2014

Safe in Common Introduces the "Top 10 Golden Rules of Safety" Non-Profit Issues Guidelines for Safety to Make Healthcare Worker Injuries a "Never Event"

FT. LAUDERDALE, Fla., June 20, 2013 /PRNewswire/ -- As part of its ongoing mission to eliminate needlestick and sharps injuries in healthcare, Safe in Common (SIC) has issued the "Top 10 Golden Rules of Safety."  This set of guidelines was outlined in conjunction with supporters to unify the industry around efforts to fight needlestick injuries and raise awareness about effective prevention techniques.

The outline for the Top 10 Golden Rules of Safety was released at the annual Association for Professionals in Infection Control and Epidemiology (APIC) Convention in Ft. Lauderdale, FL earlier this month. The rules were met with resounding acceptance from members of the healthcare community who agree that more needs to be done, especially in the operating room and other high risk areas, to protect personnel.

The list is predicated on making injuries a "never event" and dictates that personnel using or purchasing sharps consider the following rules:

  • The design and activation of the safety mechanism is automatic and will not interfere with normal operating procedures and processes
  • The device is intuitive and requires no additional steps for use than equivalent standard/conventional device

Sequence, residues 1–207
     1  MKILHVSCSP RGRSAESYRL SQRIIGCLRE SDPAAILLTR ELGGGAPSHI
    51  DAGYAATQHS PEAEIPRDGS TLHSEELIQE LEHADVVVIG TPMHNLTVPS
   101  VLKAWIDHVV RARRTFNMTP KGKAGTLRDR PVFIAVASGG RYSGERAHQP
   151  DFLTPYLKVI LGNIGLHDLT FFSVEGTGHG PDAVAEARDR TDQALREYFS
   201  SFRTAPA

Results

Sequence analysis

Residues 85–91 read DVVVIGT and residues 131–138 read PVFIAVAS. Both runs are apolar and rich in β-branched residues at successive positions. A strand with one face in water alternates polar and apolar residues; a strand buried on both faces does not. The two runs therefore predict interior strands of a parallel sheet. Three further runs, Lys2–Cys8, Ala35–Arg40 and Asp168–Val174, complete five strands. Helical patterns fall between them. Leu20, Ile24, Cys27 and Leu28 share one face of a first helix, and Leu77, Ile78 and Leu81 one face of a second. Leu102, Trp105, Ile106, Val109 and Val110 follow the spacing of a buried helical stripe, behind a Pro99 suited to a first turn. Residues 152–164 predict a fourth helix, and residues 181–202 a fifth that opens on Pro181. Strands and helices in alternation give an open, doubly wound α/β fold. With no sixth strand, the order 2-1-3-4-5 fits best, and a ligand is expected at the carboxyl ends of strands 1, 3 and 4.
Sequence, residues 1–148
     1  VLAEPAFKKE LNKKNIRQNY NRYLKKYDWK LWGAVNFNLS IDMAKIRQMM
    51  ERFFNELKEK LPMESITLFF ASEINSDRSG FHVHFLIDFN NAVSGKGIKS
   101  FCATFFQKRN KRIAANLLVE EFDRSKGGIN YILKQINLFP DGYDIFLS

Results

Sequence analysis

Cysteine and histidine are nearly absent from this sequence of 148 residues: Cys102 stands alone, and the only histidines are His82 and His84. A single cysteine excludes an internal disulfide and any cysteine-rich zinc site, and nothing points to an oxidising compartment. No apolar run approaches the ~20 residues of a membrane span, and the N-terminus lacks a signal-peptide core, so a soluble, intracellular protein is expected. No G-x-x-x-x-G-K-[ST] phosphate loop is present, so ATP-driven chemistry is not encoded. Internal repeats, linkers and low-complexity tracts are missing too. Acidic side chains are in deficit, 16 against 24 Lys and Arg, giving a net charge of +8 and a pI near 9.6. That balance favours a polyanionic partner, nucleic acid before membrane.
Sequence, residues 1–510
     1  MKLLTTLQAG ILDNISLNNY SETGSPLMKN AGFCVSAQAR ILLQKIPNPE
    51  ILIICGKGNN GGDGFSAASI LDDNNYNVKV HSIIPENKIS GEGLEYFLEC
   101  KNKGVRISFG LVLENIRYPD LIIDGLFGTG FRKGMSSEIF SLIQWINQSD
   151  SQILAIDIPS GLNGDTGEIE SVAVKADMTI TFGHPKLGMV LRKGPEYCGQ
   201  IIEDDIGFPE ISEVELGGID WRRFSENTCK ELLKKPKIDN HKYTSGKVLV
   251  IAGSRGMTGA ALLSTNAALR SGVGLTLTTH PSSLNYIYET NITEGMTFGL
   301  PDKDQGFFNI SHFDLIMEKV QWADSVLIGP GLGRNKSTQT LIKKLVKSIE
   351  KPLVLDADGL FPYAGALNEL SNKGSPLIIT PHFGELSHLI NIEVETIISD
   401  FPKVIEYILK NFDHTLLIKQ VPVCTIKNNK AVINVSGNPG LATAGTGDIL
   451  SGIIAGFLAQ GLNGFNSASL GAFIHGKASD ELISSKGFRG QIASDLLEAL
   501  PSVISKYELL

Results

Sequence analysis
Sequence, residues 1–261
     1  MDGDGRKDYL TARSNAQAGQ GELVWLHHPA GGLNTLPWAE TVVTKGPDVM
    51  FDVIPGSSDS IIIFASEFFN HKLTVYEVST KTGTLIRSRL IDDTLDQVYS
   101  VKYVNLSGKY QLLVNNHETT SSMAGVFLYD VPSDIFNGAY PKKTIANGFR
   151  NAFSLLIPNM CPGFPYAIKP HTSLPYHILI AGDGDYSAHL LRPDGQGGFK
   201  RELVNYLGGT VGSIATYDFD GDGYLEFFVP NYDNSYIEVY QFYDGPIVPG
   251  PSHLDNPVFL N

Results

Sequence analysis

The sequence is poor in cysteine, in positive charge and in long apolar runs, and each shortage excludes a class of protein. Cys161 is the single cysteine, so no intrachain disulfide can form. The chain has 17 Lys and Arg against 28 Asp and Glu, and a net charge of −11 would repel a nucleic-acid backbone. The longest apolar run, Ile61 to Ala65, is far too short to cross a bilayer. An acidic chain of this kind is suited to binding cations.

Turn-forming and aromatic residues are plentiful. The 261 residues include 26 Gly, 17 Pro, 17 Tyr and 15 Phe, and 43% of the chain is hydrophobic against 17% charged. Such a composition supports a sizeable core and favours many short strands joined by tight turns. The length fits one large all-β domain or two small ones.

• The contaminated, non-sterile sharp will be rendered safe prior to removal or exposure to the environment
  • Activation of the safety mechanism does not require the healthcare worker to undertake any additional steps during normal process/protocols providing patient care
  • Activation of the safety mechanism will not create additional occupational hazards (such as aerosolization, splatter, exposure to OPIM, etc.)
  • Activation of the safety mechanism does not cause additional discomfort or harm to the patient
  • The device will be ergonomically designed for comfort, allowing for automatic one-handed use during all stages of patient procedure
  • The safer engineering control is available in sizes and iterations appropriate for all areas of use relevant to the patient care needs
  • Disposal of safety device will not increase waste disposal volumes but should incorporate designs to reduce waste
  • The used safety device will provide convenient disposal and mitigate any risk of reuse or re-exposure of the non-sterile sharp